Review: The Liminal People
Superheroes are extremely prevalent in pop-culture at the moment. It seems that half the books in my To-Read Pile feature some form of super human shenanigans. With all these options it takes a lot to rise above mediocrity and offer something truly gripping. Ayize Jama-Everett has written a book that does just that. THE LIMINAL PEOPLE (Amazon) is a supernatural crime thriller that reads like NBC’s failed television drama Heroes meets the hit action film Taken starring Liam Neeson.
I make the comparison because when I’m reading a review, comparisons often catch my interest and help me form a basis on which to start considering whether or not I should fork over the cash. THE LIMINAL PEOPLE undoubtedly reflects shades of Heroes and Taken, but in the end it eclipses both.
Taggert is a member of the razor-neck gang, hired muscle for a very dangerous and mysterious master. Taggert can exert his influence over his own body’s natural processes, as well as the bodies of other people. He is a healer, but the best healers are the ones who know how to hurt. Out of the blue, Taggert gets a call from his ex. In the flash of a synapse, Taggert is on his way to London to aid the only girl he ever loved in finding her missing daughter. As it turns out, the missing girl has supernatural abilities quite like his own, and there are some very powerful people who would like to use those powers for their own agenda.
Well that’s as good a set-up as I’ve ever read. Simple enough, familiar with a nice science fiction twist. The story is told from the first person perspective of Taggert who has got to be one of the best anti-heroes I have read about in ages. The whole anti-hero concept has worn pretty thin on me as of late. A lot of authors think they can just write a no-nonsense, wisecracking, hard fighting, womanizing, profanity spewing caricature and give the character the label of “rogue” and get away with it. No. Taggert is a rare specimen, a true anti-hero full of depth and complexity. Taggert is a killer. But he is not a killer by nature. He has gotten mixed up with the wrong crowd, he is the slave of a power-hungry enigma. He is more than human and undeniably human at the same time. Taggert’s history combined with his demeanor make him heart achingly sympathetic and blazing cool all at once. Authors take note: this is how you write an anti-hero.
THE LIMINAL PEOPLE is a noir juggernaut with startlingly genuine themes of salvation, emancipation, and family. Such good reading.
The other characters are just as well written, though not nearly as deep. Tamara, for example, is part teenage girl, part super-powered killing machine. If you think badly written anti-heroes irk me you should hear my opinion on badly written female protagonists. Tamara dodges that bullet, demonstrating the pluck and guts of a strong and intelligent young lady while remaining realistically vulnerable. She may be only fourteen years of age but underestimating Tamara could be the last mistake you ever make.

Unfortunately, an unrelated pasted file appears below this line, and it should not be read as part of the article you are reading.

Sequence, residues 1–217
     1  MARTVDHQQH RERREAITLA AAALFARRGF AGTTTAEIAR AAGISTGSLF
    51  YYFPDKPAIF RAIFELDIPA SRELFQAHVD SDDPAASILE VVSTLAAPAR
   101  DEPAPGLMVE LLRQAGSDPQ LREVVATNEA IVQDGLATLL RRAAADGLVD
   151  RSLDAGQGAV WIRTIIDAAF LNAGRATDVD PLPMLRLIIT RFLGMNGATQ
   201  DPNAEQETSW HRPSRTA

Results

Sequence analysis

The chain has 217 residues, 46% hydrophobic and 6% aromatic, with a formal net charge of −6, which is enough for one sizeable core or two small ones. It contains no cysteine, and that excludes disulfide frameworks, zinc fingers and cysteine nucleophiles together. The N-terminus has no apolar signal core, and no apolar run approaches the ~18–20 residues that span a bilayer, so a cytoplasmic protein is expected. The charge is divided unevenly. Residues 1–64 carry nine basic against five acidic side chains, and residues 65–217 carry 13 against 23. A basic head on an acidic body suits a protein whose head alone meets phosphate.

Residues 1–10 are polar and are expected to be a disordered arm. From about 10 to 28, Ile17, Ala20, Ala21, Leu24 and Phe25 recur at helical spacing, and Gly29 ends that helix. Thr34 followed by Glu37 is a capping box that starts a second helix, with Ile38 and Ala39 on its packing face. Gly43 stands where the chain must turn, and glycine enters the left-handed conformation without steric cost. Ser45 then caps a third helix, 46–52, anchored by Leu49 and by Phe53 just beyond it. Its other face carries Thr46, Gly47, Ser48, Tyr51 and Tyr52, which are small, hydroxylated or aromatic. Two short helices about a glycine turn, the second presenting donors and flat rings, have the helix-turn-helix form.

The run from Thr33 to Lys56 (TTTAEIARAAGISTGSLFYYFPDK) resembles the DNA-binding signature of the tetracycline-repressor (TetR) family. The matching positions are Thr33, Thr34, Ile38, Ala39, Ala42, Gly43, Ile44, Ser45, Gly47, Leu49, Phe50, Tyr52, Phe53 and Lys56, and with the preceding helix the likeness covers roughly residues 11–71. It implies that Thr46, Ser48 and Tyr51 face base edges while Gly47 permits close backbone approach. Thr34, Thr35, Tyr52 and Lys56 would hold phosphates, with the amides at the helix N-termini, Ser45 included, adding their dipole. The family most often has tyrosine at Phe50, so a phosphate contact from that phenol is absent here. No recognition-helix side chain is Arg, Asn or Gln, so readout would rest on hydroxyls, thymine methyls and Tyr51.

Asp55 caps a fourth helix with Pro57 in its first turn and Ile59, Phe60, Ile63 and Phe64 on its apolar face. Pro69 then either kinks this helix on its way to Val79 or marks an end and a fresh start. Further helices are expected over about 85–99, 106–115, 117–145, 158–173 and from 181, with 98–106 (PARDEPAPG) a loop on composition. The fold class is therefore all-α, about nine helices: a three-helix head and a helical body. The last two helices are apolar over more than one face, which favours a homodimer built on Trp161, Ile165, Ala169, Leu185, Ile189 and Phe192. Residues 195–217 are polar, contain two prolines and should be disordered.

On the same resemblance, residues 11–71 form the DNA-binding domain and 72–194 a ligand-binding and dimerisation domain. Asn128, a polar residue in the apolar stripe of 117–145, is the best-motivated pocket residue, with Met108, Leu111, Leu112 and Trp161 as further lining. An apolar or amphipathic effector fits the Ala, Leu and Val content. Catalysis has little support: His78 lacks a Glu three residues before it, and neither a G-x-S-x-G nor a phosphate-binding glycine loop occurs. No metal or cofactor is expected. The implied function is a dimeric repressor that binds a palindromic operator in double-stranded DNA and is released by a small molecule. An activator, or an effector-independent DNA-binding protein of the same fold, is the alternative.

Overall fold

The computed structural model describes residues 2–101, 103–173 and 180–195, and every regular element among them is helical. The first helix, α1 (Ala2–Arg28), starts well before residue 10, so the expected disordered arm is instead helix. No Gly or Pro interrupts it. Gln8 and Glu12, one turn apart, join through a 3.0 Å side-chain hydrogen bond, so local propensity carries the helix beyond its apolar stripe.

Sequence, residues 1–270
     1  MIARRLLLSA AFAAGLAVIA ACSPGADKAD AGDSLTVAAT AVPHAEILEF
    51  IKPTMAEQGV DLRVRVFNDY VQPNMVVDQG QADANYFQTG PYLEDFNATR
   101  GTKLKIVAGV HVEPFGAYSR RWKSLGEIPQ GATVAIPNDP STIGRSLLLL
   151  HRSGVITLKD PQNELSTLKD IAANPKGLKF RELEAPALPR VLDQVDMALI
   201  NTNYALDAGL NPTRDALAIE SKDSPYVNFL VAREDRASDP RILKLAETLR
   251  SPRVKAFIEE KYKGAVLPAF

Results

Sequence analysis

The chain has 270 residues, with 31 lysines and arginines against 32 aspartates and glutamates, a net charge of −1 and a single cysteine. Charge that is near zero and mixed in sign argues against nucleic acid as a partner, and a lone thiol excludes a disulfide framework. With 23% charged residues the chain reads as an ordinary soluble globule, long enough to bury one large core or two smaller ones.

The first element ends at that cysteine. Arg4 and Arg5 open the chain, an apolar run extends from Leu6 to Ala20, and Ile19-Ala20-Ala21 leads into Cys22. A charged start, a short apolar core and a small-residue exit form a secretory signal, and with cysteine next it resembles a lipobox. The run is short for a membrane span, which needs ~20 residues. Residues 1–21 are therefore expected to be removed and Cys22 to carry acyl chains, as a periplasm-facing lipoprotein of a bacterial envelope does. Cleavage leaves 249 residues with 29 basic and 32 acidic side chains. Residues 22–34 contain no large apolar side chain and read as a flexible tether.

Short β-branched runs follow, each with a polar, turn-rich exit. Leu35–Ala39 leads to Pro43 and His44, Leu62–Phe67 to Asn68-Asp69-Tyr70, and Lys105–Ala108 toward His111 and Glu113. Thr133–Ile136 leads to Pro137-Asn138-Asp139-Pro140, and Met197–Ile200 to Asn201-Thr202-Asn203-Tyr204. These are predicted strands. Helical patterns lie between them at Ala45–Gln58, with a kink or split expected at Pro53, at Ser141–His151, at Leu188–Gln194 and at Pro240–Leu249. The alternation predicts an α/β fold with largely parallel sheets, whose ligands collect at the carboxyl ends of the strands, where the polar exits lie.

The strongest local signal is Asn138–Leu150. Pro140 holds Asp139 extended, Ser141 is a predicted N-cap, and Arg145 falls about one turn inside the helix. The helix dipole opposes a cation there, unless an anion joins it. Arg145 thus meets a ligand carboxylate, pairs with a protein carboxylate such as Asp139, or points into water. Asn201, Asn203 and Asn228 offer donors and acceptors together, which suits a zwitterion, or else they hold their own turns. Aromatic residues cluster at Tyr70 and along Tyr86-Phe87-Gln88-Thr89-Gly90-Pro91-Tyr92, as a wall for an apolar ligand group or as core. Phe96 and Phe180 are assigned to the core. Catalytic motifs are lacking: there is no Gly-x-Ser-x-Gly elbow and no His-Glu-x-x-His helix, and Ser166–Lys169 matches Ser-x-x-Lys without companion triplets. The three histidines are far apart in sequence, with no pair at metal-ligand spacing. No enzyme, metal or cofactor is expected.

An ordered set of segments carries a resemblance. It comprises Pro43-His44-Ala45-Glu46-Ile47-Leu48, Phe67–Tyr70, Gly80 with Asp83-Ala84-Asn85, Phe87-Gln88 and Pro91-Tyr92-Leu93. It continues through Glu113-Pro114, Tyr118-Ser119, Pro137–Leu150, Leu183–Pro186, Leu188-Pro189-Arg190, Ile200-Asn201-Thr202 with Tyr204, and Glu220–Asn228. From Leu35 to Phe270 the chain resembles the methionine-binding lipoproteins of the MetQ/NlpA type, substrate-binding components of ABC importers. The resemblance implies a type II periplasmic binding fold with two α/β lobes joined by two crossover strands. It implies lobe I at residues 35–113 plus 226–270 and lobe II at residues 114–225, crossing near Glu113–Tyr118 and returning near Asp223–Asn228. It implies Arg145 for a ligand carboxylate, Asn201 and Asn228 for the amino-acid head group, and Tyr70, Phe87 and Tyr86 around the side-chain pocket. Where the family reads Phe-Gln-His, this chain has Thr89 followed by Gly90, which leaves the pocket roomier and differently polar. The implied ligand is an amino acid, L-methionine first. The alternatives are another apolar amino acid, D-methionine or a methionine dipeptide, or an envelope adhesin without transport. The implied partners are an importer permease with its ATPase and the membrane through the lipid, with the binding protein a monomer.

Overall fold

We’ve got great heroes and we have also got great villains. What divides THE LIMINAL PEOPLE from the rest of the super human fiction out there is the moral ambiguity. Taggert goes toe-to-toe with some pretty nasty specimens in his journey to find his ex’s daughter, but his own boss might be the most despicable villain of all. Even better than the sinister and illusive aura these baddies seem to just ooze is the fact that they are driven by some very real and human foibles. It’s this gray tone that permeates the novel that sustains the gritty, colorful atmosphere.
The heroes and villains alike dance the line between humans and gods. Dubbed “liminal people” later in the novel, Taggert and those like him often live as isolated outcasts on the very edge of society. These super humans avoid conflict whenever necessary because when disagreement devolves into fighting it often gets messy and attracts far too much attention. The powers displayed in the book are nothing new in concept but the way they are applied is extremely creative. I regularly find myself wondering what super power I would want were I to be granted any. Well I have my answer: Taggert’s ability to manipulate people’s bodies. After reading some of the things Taggert does (including an especially brutal interrogation) you might find yourself feeling the same way.
THE LIMINAL PEOPLE is an astounding first novel. Right now it has been published by a smaller agency called Small Beer Press but I see a big future for Ayize Jama-Everett. THE LIMINAL PEOPLE is a noir juggernaut with startlingly genuine themes of salvation, emancipation, and family. As of now, this book is my favorite of the year and I desperately hope that Jama-Everett chooses to pen a sequel.
- Recommended Age: 17+
- Language: Strong language throughout
- Violence: Violence is a major aspect of the book, including one super awesome/sadistic interrogation scene
- Sex: Yes, but not graphic or explicit in any way